It would take a century of civil disobedience, public seminars, marches, parades, political lobbying, hunger strikes, and published essays and works of fiction to earn one of the most basic civil liberties in a democracy: the right to vote. Earning the right to vote meant a wholesale transformation of social norms in the United States, after which women became increasingly visible in institutes of higher learning and in the workplace. Allowing women to vote meant that their role in society would no longer be that of subservience and near-slavery. Since 1920, women have been legally permitted to run and serve in public office. Their ability to vote meant that women could make meaningful impacts in political debates and discussions that affected their daily lives. Yet after the 19th Amendment was ratified in 1920, women still suffered from widespread discrimination and continue to fight for equal rights in nearly every arena of life including equal pay for equal work.

Works Cited

19th Amendment to the U.S. Constitution: Women's Right to Vote (1920)." Historical Documents. 2005. Retrieved July 31, 2006 at http://www.historicaldocuments.com/19thAmendment.htm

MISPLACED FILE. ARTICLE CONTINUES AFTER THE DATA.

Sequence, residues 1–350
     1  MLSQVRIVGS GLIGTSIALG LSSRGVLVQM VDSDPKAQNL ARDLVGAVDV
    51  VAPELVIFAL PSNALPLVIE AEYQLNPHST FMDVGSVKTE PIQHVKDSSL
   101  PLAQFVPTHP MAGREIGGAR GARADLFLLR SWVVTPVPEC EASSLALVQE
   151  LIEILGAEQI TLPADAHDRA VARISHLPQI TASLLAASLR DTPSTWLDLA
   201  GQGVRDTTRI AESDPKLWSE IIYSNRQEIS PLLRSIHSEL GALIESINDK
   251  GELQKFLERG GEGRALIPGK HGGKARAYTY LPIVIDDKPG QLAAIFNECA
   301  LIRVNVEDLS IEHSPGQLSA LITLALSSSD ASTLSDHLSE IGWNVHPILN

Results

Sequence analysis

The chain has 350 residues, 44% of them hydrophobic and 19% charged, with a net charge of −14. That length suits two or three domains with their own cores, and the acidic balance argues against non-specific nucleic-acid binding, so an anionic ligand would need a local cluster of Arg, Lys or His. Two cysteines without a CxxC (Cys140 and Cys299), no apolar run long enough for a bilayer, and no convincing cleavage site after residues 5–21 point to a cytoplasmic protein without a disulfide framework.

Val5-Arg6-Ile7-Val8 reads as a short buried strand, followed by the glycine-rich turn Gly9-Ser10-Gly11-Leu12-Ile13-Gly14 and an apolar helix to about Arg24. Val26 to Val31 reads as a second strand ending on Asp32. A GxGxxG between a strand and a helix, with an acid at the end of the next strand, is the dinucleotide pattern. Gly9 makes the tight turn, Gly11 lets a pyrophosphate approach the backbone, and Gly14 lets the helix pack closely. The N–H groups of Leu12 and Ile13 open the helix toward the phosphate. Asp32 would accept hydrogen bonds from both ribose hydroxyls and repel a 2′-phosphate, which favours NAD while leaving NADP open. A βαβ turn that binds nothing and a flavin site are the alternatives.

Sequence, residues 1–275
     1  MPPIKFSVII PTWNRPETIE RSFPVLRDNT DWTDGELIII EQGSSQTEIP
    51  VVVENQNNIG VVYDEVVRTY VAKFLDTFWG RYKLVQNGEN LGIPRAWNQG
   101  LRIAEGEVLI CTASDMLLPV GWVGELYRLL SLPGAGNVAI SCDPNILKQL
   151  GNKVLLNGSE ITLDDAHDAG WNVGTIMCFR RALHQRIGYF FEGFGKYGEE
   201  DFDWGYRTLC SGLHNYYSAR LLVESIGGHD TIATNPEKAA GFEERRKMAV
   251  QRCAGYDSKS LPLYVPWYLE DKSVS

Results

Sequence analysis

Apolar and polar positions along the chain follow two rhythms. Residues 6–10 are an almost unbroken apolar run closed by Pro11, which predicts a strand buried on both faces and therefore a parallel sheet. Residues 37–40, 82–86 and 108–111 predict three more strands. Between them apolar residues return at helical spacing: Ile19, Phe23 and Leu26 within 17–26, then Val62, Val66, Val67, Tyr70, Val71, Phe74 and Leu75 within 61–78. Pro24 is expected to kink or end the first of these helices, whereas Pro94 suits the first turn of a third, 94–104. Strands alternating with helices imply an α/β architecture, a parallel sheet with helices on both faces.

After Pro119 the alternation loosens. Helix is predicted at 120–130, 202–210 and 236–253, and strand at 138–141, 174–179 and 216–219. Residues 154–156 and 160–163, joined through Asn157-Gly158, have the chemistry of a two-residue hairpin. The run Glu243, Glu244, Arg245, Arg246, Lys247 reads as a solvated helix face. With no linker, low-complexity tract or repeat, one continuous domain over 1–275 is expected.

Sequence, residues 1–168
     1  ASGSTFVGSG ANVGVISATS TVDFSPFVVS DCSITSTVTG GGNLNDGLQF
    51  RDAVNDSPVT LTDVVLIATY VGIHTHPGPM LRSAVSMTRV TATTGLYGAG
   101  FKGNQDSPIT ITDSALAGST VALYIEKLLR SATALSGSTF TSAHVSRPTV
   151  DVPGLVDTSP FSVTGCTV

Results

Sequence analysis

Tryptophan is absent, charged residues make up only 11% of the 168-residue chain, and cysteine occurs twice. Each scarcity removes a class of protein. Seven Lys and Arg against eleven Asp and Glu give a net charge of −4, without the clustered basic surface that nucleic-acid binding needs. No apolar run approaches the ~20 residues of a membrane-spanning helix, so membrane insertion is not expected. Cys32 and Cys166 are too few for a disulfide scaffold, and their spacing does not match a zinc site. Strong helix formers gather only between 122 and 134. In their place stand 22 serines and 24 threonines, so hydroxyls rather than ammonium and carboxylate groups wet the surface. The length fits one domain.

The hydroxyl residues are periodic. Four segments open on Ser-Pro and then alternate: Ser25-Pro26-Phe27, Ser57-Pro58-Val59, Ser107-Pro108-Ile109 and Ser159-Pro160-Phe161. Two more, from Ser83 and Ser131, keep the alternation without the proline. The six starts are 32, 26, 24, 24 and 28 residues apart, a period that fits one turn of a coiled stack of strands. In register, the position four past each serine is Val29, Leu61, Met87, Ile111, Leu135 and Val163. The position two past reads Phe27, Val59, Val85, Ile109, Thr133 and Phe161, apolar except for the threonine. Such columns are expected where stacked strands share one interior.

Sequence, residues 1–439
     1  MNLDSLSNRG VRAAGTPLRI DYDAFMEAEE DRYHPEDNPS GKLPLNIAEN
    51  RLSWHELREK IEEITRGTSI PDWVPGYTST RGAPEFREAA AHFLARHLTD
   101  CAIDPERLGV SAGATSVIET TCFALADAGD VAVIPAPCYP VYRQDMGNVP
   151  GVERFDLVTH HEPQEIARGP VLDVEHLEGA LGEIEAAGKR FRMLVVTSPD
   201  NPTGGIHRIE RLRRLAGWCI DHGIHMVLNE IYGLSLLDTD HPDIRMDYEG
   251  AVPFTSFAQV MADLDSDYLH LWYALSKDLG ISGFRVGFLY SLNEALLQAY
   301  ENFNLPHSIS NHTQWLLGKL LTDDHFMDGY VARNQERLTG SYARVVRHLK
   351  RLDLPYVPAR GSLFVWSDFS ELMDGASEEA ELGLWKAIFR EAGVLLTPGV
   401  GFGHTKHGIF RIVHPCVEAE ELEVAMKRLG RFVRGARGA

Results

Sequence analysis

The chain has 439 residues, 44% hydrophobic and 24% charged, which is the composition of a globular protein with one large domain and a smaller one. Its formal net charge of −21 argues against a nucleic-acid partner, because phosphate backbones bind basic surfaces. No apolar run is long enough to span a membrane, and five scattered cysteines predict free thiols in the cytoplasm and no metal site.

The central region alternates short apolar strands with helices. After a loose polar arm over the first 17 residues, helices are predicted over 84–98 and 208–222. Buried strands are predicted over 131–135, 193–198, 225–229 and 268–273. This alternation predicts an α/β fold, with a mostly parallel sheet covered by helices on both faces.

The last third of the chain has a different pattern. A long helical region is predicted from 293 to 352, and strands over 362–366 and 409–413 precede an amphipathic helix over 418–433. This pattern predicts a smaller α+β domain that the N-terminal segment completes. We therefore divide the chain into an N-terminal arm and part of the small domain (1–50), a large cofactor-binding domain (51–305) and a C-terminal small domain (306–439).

Petition to U.S. Senate Women Voters Anti-Suffrage Party of New York World War I." United States Senate: Records Group 46. 1917. National Archives and Records Administration. Retrieved July 31, 2006 at http://www.archives.gov/global-pages/larger-image.html?i=/education/lessons/woman-suffrage/images/ny-petition-l.gif&c=/education/lessons/woman-suffrage/images/ny-petition.caption.html

Stanton, Elizabeth Cady. "Woman's Rights Petition to the New York Legislature." Transcribed by Carolyn Sims and reverse-order proofed by Lloyd Benson, Department of History, Furman University, from Elizabeth Cady Stanton, et al., History of Woman Suffrage, (New York, Fowler & Wells, Publishers, 1881), I, 593-595. Retrieved July 31, 2006 at http://chnm.gmu.edu/exploring/19thcentury/womenandequality/pop_petition.html

Teaching With Documents: Woman Suffrage and the 19th Amendment." The National Archives. Retrieved July 31, 2006 at http://www.archives.gov/education/lessons/woman-suffrage/